The Economist on the decline of British boy's comics as The Dandy ceases print publication. As it circles oblivion it risks joining the ranks of Whizzer and Chips, Buster, The Beezer and subversive late entry to the genre Oink. The days of the Great British girl's comic are sadly long passed.
Punch Cartoons has over 8000 cartoons from the pages of Punch, the long-running British satirical magazine. It cast its eye on everything from quintessentially British entertainment to children's books to computer games to optometrists. Punch ran from 1841 to 1992 and was relaunched in 1996 and finally closed shop in 2002. You can read up on the history of the magazine on their website and if you want to read some old issues to see what they were like, Project Gutenberg has quite a few. [Punch previously]
Moritz Volz plays for Fulham and Germany- and he has a sense of humor.
The ashes of the recently deceased contains high amounts of nutrient rich phosphates, just perfect for sprucing up that garden of yours. On the iconic peaks of Scotland though Mountaineers have decided that enough is enough.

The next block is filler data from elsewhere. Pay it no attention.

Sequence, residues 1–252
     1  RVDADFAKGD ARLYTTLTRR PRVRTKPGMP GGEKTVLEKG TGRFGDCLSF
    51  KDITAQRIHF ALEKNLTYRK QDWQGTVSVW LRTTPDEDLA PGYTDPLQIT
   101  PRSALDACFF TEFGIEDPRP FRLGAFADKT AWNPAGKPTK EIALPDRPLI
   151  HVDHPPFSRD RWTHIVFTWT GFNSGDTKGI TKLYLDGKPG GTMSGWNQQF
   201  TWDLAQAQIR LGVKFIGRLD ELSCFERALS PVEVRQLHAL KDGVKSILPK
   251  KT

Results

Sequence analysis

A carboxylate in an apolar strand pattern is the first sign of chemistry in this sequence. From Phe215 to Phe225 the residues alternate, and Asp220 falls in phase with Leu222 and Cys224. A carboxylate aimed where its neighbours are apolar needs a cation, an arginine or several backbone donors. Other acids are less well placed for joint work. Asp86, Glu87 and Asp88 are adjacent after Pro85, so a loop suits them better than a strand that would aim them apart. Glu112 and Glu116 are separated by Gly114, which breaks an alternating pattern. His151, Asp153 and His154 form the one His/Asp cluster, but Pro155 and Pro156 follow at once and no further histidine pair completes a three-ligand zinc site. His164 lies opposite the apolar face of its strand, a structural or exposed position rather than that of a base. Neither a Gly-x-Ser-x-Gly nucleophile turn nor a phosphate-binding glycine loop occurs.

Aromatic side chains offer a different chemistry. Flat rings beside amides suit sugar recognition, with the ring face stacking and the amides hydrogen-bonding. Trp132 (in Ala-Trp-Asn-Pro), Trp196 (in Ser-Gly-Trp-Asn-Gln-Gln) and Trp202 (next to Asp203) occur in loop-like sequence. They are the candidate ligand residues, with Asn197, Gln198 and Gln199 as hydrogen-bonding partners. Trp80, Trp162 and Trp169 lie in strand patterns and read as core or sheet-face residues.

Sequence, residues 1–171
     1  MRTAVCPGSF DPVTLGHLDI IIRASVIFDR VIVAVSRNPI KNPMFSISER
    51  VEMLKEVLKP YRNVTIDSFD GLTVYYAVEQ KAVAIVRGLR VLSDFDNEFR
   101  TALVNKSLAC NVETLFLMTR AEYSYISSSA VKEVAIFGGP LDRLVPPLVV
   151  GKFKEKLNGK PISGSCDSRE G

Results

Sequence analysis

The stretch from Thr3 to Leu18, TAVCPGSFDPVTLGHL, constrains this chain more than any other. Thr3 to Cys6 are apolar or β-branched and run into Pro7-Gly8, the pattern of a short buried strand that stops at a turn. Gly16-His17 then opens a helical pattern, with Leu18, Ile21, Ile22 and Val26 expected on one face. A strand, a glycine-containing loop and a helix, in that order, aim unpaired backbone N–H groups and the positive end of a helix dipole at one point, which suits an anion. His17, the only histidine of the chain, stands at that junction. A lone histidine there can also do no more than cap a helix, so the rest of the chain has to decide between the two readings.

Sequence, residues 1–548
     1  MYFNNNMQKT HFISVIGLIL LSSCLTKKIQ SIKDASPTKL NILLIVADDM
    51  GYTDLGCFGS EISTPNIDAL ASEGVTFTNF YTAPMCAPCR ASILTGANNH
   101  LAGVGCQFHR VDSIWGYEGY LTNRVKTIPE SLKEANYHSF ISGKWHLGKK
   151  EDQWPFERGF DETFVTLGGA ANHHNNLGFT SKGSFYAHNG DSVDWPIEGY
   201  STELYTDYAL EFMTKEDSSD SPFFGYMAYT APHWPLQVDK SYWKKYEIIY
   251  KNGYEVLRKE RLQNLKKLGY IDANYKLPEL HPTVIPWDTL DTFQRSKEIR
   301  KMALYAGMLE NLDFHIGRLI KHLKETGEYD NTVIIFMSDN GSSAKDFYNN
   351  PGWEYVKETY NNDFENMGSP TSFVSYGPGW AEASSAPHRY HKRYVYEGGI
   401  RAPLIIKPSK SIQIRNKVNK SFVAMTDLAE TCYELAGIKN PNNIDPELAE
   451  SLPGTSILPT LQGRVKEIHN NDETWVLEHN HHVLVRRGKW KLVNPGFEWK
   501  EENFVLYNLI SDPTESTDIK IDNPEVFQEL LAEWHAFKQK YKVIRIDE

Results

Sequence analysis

Borat strikes again. Sacha Baron Cohen, star of HBO's Ali G Show, hits another unsuspecting American audience, this time as Borat Sagdiyev, Kazakhstan's sixth most famous man. "And may George W. Bush drink the blood of every man, woman and child in Iraq." Kazahkstanians say the darndest things!
Apparently genuine reply to a letter sent to the Inland Revenue. "I must take issue with your description of our last as a "begging letter". It might perhaps more properly be referred to as a "tax demand". This is how we, at the Inland Revenue have always, for reasons of accuracy, traditionally referred to such documents." [via Orbyn, via Cal]
Pick your poison: highbrow (virtual tour of 10 Downing Street), or lowbrow (virtual tour of the White House). Hint: one of these is funny.
America and England: Separated By Humor? "This laughter gulf between two otherwise co-dependent cultures should not be thought surprising. The two most fundamental aspects of comedy are observation and speech rhythms and these are necessarily subject to local variation. The point has often been made that British jokes derive most often from class and puns, while US humour is rooted in gags." While talk show host Ruby Wax claims "If your language consists of little more than guttural grunts and cherry pie, you can't be blamed for not getting it." Is it any wonder her little show tanked so fast?